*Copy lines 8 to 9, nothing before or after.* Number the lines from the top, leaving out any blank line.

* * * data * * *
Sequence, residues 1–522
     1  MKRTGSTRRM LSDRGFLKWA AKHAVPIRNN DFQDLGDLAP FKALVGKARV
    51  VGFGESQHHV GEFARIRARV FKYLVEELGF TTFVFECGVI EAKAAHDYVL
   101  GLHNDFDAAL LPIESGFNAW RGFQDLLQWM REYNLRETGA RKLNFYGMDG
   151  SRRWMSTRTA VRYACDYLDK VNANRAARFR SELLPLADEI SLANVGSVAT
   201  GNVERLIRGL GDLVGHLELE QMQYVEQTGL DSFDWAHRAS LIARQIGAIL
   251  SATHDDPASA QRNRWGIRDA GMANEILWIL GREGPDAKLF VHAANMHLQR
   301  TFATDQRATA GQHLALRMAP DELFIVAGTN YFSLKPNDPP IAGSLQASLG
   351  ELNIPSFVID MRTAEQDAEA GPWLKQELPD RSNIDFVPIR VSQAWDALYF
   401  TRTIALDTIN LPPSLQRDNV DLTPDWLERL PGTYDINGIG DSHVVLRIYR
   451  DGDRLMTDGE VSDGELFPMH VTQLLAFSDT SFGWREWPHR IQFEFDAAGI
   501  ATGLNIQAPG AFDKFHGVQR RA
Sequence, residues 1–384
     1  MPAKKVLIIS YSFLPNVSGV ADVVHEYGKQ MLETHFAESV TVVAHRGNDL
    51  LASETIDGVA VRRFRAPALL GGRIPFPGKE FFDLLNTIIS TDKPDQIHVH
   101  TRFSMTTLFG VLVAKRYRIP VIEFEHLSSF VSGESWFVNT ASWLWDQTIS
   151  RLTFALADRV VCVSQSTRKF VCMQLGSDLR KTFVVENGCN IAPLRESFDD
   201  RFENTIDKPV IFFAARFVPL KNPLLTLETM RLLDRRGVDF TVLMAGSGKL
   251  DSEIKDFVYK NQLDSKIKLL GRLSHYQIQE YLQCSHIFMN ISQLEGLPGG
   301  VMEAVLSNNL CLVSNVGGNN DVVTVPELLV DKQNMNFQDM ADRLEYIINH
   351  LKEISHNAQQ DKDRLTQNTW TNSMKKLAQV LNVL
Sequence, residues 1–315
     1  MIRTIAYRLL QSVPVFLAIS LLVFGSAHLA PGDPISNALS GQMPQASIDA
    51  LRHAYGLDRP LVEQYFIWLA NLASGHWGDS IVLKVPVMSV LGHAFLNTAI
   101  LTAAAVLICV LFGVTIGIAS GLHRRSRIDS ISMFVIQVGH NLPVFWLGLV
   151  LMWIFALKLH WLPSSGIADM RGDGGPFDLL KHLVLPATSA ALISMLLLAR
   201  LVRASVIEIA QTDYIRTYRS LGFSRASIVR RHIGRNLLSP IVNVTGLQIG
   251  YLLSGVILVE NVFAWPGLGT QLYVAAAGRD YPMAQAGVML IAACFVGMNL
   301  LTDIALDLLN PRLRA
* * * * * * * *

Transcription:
   301  TFATDQRATA GQHLALRMAP DELFIVAGTN YFSLKPNDPP IAGSLQASLG
   351  ELNIPSFVID MRTAEQDAEA GPWLKQELPD RSNIDFVPIR VSQAWDALYF